They’ll have to wait and see. I always try and bring a few surprises along whenever I can. LA got John Legend when I played the Greek Theater, New York got Shaggy when I played the Barclays Center. I like collaborating with so many different artists so it could really be anybody. London did get lucky at the end of my European tour recently though. I pretty much had half the collaborators from the album all there in one place which was special.
If you had to pick one song that best defines Cloud Nine, which would you choose?
‘Not Alone’. It’s almost ballad-like in how its put together and think it shows my versatility as a producer. It’s uplifting, emotional and honest.
Any plans for a remix album?
An album of remixes might be a step too far at the moment. I’m tending to focus on my original music right now but I won’t rule out any remixes before the end of the year.
A debut album is an important milestone for an artist. How long do you think it will be before you release another track? A year? Two?
I don’t want to set any dates in stone after what I did with my album haha! I’m always working on new music though and I’m sure you’ll hear some new stuff from me soon. It will definitely be less than two years, I can promise that.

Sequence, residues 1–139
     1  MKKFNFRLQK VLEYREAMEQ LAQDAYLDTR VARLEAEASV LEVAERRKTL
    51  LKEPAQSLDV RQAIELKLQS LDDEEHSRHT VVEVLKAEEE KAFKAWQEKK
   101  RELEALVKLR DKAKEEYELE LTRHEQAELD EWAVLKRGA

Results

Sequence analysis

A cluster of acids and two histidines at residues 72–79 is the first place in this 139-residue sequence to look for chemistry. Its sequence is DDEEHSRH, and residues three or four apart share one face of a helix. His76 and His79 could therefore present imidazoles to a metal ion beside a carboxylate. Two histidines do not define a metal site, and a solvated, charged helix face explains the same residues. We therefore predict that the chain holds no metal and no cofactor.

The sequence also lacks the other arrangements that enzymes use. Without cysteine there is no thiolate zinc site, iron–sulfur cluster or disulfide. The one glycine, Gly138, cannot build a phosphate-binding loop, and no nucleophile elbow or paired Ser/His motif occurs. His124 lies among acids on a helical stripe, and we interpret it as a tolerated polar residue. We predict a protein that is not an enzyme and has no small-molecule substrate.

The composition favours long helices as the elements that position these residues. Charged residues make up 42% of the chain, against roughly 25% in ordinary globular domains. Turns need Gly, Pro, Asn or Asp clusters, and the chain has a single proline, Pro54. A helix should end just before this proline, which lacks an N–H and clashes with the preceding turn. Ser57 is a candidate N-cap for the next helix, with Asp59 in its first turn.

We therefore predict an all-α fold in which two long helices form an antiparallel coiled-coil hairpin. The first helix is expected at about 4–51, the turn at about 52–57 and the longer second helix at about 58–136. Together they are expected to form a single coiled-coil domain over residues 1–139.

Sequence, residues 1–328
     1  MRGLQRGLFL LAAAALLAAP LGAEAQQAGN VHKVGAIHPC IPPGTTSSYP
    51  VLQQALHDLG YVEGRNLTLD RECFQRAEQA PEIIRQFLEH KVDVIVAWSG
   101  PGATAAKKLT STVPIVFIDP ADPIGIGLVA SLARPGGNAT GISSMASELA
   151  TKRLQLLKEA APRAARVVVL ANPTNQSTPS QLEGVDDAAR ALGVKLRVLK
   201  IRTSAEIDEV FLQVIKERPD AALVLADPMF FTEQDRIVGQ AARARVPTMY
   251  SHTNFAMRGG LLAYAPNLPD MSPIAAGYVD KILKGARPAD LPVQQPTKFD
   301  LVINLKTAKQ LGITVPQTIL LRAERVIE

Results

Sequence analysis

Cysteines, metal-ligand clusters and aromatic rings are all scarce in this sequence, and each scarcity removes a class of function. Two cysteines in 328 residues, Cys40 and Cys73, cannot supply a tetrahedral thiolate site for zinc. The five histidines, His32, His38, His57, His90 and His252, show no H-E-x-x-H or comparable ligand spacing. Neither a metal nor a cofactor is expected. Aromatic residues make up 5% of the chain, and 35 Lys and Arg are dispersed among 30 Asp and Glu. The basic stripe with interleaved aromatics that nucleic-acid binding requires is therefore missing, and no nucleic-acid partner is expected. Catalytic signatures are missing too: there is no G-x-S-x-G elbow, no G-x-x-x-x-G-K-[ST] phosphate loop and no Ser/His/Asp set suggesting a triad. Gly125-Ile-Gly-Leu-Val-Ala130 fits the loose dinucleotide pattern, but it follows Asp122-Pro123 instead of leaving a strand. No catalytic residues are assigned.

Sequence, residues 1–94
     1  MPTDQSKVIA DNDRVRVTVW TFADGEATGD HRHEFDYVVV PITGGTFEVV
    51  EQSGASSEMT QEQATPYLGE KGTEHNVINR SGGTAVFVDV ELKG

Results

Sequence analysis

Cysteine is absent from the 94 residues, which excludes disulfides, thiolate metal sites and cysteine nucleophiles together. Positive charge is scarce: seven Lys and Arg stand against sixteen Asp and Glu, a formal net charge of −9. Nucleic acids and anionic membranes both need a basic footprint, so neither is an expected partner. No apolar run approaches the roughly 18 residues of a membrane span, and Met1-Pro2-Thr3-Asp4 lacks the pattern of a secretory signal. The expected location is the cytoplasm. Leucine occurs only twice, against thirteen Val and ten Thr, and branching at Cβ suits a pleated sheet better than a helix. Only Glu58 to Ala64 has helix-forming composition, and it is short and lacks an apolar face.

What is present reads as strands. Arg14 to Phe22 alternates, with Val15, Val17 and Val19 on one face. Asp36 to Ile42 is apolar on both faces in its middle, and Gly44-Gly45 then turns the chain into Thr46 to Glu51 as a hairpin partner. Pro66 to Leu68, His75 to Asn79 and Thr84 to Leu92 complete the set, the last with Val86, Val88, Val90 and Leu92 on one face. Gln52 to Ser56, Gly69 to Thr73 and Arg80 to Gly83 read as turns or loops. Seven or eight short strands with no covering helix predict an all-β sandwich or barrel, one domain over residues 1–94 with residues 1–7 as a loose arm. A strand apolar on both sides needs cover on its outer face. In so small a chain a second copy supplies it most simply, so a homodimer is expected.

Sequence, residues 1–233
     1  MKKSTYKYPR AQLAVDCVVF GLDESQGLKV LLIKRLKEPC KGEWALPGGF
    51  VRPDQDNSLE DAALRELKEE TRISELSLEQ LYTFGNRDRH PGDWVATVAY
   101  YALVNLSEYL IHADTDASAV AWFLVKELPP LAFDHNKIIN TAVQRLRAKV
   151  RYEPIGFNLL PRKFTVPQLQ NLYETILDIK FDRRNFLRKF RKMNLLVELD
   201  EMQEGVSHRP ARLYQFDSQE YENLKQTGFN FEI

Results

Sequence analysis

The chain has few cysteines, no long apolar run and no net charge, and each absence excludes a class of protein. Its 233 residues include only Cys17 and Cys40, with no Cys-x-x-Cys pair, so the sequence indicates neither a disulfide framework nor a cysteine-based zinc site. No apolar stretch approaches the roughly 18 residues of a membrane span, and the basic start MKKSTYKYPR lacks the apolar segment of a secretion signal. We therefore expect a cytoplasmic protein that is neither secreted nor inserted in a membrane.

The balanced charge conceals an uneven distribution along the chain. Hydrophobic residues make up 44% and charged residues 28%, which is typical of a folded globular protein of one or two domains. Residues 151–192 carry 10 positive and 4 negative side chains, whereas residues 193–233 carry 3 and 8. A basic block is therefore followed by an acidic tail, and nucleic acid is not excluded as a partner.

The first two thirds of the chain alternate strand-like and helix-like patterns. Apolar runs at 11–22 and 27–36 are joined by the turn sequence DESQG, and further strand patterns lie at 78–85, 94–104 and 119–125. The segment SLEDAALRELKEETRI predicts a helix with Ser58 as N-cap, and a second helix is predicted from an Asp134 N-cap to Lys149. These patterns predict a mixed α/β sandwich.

What’s next, tell us about your very own festival and everything else!
Continuing my Cloud Nine arena tour and preparing for the debut of my festival in Bergen. I want the festival, like my album, to be a real representation of who I am and fingers crossed it will be. We’re all working crazy hard on it to make it the best it can be. I’m also looking at ways to further develop my live show plus I’m always on the lookout for more people to work with.
I hope to turn up in some places you don’t expect me to be as well!
All images found via Kygo’s Facebook
This article was first published on Your EDM.
Source: Your EDM Exclusive Interview: Kygo, On “Cloud Nine”